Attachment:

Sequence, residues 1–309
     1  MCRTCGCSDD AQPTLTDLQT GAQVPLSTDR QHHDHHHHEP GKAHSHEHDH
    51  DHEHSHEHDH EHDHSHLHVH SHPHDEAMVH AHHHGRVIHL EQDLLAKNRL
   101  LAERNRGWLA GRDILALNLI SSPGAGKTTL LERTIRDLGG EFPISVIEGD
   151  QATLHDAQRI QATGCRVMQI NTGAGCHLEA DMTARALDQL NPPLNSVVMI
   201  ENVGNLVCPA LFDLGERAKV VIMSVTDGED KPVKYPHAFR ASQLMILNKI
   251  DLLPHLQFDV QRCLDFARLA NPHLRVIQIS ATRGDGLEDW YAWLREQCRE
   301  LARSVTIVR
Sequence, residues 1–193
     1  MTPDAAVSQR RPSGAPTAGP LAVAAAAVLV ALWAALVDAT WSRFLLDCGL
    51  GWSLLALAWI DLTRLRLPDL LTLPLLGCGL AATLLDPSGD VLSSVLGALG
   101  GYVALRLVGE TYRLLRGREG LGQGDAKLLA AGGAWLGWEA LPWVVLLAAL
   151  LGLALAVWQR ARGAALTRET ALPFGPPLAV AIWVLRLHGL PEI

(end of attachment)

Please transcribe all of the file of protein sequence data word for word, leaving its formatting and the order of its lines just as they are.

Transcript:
Sequence, residues 1–309
     1  MCRTCGCSDD AQPTLTDLQT GAQVPLSTDR QHHDHHHHEP GKAHSHEHDH
    51  DHEHSHEHDH EHDHSHLHVH SHPHDEAMVH AHHHGRVIHL EQDLLAKNRL
   101  LAERNRGWLA GRDILALNLI SSPGAGKTTL LERTIRDLGG EFPISVIEGD
   151  QATLHDAQRI QATGCRVMQI NTGAGCHLEA DMTARALDQL NPPLNSVVMI
   201  ENVGNLVCPA LFDLGERAKV VIMSVTDGED KPVKYPHAFR ASQLMILNKI
   251  DLLPHLQFDV QRCLDFARLA NPHLRVIQIS ATRGDGLEDW YAWLREQCRE
   301  LARSVTIVR
Sequence, residues 1–193
     1  MTPDAAVSQR RPSGAPTAGP LAVAAAAVLV ALWAALVDAT WSRFLLDCGL
    51  GWSLLALAWI DLTRLRLPDL LTLPLLGCGL AATLLDPSGD VLSSVLGALG
   101  GYVALRLVGE TYRLLRGREG LGQGDAKLLA AGGAWLGWEA LPWVVLLAAL
   151  LGLALAVWQR ARGAALTRET ALPFGPPLAV AIWVLRLHGL PEI